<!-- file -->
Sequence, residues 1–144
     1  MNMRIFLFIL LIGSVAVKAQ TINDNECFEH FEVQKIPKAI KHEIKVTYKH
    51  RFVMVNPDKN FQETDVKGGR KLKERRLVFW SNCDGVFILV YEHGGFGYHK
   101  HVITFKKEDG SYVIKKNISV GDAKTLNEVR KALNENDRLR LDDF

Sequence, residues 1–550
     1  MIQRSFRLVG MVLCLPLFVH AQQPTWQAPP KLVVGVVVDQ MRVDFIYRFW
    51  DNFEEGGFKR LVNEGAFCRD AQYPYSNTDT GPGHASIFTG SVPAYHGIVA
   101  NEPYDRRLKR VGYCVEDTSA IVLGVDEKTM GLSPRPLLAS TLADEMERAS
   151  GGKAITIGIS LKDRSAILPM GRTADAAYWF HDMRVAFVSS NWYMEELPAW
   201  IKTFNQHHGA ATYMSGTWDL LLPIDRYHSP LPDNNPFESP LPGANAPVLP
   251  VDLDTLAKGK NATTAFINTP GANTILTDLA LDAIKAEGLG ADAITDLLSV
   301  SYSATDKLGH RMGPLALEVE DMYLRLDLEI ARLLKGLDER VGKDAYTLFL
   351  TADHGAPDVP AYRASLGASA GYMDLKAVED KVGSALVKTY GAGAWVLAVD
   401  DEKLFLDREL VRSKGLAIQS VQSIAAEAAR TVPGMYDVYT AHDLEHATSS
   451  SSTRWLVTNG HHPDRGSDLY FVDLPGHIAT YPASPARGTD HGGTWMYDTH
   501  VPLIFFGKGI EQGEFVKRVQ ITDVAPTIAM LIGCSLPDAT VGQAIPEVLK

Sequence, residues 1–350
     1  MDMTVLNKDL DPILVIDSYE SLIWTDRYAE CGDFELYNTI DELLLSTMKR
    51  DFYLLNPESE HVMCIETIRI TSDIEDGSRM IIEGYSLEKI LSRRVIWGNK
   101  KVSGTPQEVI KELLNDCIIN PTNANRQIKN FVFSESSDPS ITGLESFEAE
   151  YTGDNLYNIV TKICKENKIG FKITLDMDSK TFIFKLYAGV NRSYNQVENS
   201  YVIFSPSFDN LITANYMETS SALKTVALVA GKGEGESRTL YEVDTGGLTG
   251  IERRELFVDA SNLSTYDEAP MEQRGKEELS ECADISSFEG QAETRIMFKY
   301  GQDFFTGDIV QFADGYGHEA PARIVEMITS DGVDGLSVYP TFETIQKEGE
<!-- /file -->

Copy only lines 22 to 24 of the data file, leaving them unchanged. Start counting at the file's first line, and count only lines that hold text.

   201  YVIFSPSFDN LITANYMETS SALKTVALVA GKGEGESRTL YEVDTGGLTG
   251  IERRELFVDA SNLSTYDEAP MEQRGKEELS ECADISSFEG QAETRIMFKY
   301  GQDFFTGDIV QFADGYGHEA PARIVEMITS DGVDGLSVYP TFETIQKEGE